For Purim

The following is a translation from Hebrew of a section from Yishmiru Daat, Reb Zalman’s wonderful Sefer.  On Shabbos zachor, the Shabbos before Purim, (this year, March 7, 2009), we read about Haman’s ancestor Amalek.  Reb Zalman’s piece below gives us a fresh way to understand what the Torah had in mind when it asked us to remember Amalek, one of the six rememberances, (sheish zechiros).   Gabbai Seth Fishman, BLOG Editor

“Remember what Amalek did to you — — how he chilled you on the way and brought you down — — and when it comes to pass that you will find your peace and rest in the land to which the Lord your God will take you, you are to erase the memory of Amalek — do not forget!, (Deut 25;17,18,19). ”

Erase the memory of Amalek — that is, make sure that no memory of Amalek will remain with you.  Nevertheless, it says right away, “Do not forget.” This looks like a contradiction, (i.e. to remove all memory of Amalek and then, right away the words, “Do not forget.”)  It creates a paradox that does not yield to reason in a simple way.  This leads us to a SaFeQ / a doubt as to how to fulfill this commandment.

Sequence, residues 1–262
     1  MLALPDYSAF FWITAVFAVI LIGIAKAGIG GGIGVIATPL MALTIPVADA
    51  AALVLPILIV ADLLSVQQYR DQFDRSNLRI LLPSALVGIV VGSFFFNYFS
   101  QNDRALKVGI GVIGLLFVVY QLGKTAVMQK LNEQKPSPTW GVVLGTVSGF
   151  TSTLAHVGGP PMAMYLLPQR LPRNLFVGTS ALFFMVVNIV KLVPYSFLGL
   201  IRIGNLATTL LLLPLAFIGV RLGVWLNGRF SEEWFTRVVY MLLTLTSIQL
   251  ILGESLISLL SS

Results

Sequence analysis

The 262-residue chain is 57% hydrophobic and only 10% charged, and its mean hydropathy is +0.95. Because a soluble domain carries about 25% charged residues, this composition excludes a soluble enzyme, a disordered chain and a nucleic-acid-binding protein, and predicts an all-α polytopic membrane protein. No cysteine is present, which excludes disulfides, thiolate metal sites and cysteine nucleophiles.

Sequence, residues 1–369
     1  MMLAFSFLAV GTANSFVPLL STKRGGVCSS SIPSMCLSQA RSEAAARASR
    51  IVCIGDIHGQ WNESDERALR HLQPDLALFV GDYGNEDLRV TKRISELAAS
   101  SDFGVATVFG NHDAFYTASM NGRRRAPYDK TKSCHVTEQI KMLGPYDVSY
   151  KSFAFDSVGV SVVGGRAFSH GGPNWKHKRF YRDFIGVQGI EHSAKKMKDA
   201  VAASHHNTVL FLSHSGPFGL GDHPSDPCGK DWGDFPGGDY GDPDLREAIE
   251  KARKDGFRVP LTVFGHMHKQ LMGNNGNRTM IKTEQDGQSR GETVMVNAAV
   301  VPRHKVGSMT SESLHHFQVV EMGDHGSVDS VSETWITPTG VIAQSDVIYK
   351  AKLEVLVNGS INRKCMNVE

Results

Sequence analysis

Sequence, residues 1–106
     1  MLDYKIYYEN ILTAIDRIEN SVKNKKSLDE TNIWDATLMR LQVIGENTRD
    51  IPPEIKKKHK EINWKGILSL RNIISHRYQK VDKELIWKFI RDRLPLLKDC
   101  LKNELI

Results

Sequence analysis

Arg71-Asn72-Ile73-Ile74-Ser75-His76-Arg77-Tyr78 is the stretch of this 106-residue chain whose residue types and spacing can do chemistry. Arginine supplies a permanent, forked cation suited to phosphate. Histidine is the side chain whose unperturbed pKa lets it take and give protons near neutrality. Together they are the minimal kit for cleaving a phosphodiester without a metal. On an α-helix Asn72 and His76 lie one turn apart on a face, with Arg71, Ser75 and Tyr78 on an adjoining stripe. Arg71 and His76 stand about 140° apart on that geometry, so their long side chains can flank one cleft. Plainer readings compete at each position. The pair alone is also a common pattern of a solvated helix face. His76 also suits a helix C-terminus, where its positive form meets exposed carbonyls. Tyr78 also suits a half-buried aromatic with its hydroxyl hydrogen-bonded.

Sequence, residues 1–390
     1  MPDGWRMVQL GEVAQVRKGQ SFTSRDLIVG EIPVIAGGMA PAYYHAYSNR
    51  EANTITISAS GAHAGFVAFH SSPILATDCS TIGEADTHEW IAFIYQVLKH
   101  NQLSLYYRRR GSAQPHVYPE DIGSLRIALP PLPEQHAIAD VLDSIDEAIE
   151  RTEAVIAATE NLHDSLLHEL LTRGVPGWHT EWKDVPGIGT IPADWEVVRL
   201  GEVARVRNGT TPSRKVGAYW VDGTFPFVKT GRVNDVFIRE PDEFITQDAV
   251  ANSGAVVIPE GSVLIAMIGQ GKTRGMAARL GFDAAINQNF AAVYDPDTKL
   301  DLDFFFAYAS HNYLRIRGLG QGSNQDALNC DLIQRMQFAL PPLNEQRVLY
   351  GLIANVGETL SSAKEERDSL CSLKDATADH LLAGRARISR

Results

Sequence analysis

And why is this commandment surrounded by doubt?  It’s not by accident.  If you check the numerical value of Amalek it equals 240, which is the numerical value of the word SaFeQ / doubt.  (ayin 70 + mem 40 + nun 30 + kuf 100 = samech 60 + feh 80 + kuf 100).  And what is that deepest doubt that plagues us?  It stems from an existential doubt whether to keep on living or to end it all.  (On an archetypal level, the deep force that is within and that is aimed to destroy and diminish oneself can be found in the strong reasonings and arguments as set forth by the angel Azael.  At a time when the world was still being planned by its Creator, Azael argued that mankind must not be created; that God would stand to lose.  Refer also to the discourse on Yom Kippur in Sefer Beit Yaakov (by the Izbitzer).  This accusation against mankind is the same as what’s found in the Christian concept, “Original Sin,” the sin of the Tree of Knowledge of good and evil.) 

It is true that there are some times in our lives when the whole beautiful fragrance of life takes on the bad odor of rot.  It is at such times that it is most urgent to, (Deut 4;10) “Remember the day when you stood before the Lord our God at Mount Sinai.”  As we are told in the Talmud, (Shabbos 146a), at Mount Sinai “the bad odor was removed from them,”  and, (Ketubot 111b) “the dew of Torah revived them.”  (Also,  to strengthen oneself through the Holy Name, (Song 1;3) “Your essence is as a precious scent; therefore do the maidens” – (i.e., the worlds – alamot – olamot) “love You.”)